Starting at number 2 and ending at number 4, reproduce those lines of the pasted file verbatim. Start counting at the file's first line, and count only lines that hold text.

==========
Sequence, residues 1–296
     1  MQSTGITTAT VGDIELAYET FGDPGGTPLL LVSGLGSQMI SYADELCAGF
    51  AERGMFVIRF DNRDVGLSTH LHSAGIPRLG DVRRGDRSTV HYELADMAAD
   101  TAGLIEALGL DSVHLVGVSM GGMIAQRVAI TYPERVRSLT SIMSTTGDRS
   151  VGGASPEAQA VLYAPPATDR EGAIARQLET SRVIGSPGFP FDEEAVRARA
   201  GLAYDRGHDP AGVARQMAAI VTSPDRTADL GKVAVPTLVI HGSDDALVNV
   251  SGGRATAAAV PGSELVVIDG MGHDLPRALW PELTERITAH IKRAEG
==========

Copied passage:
     1  MQSTGITTAT VGDIELAYET FGDPGGTPLL LVSGLGSQMI SYADELCAGF
    51  AERGMFVIRF DNRDVGLSTH LHSAGIPRLG DVRRGDRSTV HYELADMAAD
   101  TAGLIEALGL DSVHLVGVSM GGMIAQRVAI TYPERVRSLT SIMSTTGDRS